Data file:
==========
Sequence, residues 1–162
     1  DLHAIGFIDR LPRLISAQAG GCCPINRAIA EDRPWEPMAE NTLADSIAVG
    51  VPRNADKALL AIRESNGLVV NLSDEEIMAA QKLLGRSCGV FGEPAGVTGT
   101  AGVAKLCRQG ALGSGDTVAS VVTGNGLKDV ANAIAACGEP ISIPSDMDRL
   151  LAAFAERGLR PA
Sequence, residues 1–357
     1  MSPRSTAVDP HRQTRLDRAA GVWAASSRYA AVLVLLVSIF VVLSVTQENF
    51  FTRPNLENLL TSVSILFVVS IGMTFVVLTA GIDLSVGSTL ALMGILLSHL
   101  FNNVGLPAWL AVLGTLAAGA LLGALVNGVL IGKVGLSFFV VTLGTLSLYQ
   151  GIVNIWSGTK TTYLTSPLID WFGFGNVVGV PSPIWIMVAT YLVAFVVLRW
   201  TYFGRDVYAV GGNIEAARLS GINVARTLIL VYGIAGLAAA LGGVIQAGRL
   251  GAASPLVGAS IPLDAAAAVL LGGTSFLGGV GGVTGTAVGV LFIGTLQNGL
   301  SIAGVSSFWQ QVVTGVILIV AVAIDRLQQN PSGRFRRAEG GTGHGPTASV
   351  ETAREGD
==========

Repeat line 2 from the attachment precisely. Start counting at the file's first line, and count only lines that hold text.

     1  DLHAIGFIDR LPRLISAQAG GCCPINRAIA EDRPWEPMAE NTLADSIAVG